So what do you do with these old panels? Even though they are constructed of recyclable glass, aluminum and silicon, there has not been a viable solution for recycling solar panels. Instead of dumping old solar panels in landfills, my friend and solar guru Sam Vanderhoof has a solution to this problem: his new company called Recycle PV Solar (recyclepv.solar).
Sam estimates that about 95% of solar panels are going into landfills. 15 gigawatts of solar panels were installed in the U.S. in 2016 – that represents about 6 million pounds of panels being installed every day! On a cumulative basis there are about 53 gigwatts of panels currently installed in the U.S., or about 200 million solar panels. To visualize the enormity of this recycling challenge, a train filled with containers of solar panels would be 1,500 miles long! Please Listen Up to this Week’s Energy Show to learn more about the challenges, economics and opportunities of recycling solar panels.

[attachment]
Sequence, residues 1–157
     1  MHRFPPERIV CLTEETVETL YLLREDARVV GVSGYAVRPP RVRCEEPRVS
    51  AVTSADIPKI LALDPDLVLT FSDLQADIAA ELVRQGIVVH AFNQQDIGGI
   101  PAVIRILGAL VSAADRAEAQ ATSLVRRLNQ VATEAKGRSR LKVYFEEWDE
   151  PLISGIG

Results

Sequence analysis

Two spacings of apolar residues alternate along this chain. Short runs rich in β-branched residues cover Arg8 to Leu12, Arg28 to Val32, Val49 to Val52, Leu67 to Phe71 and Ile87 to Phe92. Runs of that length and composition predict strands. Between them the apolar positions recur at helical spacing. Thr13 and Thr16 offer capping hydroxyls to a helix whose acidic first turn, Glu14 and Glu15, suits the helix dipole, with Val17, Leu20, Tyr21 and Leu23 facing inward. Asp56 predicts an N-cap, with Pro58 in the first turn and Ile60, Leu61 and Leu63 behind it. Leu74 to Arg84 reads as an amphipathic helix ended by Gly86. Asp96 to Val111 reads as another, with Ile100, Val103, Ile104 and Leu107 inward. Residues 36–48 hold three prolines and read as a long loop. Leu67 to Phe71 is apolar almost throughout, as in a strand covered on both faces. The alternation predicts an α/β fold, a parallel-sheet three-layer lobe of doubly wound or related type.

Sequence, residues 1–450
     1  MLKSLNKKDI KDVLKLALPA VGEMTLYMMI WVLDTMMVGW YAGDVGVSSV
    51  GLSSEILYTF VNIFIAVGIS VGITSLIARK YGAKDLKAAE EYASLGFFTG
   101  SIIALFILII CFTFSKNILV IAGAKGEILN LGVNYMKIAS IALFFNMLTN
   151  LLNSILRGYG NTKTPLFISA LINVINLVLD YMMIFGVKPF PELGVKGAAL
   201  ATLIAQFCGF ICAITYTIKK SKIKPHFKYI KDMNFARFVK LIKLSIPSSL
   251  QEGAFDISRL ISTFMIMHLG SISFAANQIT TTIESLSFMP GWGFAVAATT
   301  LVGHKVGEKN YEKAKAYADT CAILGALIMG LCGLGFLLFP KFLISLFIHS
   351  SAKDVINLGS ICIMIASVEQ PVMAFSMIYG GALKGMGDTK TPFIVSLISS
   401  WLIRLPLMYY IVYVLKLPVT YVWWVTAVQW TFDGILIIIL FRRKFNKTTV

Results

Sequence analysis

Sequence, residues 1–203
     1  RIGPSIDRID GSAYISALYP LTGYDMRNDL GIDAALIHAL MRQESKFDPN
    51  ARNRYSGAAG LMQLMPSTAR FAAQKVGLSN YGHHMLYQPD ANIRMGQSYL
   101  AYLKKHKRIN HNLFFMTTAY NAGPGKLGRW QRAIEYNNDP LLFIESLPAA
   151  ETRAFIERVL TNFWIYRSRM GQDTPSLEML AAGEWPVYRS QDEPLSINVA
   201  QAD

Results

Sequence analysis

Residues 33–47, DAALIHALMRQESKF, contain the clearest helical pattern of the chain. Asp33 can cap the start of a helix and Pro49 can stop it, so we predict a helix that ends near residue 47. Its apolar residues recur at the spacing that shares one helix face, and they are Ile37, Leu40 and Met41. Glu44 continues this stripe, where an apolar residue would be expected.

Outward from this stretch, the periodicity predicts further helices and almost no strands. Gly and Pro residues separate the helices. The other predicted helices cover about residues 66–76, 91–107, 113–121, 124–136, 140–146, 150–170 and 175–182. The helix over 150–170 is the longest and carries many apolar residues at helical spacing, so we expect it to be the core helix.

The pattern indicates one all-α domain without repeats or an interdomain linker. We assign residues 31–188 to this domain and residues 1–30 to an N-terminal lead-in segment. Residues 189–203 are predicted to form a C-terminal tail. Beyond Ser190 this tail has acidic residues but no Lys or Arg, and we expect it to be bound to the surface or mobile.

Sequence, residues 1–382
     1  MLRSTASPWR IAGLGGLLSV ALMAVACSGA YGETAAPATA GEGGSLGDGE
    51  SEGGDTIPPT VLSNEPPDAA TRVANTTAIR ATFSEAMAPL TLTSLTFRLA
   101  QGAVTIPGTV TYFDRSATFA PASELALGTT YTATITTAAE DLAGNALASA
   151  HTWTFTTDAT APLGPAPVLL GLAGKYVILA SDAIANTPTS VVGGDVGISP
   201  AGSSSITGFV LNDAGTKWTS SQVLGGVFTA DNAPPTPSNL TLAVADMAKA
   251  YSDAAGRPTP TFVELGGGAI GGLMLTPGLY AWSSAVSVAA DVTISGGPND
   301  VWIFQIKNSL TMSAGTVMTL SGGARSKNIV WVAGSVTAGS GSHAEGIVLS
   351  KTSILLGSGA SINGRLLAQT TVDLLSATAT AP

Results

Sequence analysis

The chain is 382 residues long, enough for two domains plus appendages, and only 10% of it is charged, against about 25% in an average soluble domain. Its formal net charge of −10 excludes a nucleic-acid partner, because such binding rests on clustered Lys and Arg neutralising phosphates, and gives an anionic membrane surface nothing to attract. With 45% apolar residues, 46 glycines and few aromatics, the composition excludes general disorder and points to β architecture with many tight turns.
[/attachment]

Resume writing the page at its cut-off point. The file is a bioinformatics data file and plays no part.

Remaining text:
Great solar policy is just as important as great solar technology. Obviously we need the technologies for these products — but we also need the policies so that solar products can be cost-effectively installed. And I’m not just talking about incentives…policies related to net metering, interconnection and permitting are just as important.
Getting good solar policy requires effective political lobbying. I hate to let you down, but these great energy policies did not magically spring from the brains of inspired politicians When I look back at the successes our industry has had over the years — net metering, the California Solar Initiative, Solar Tax Credits, state incentives — all of these policies were based on sound analytical research coupled with effective lobbying.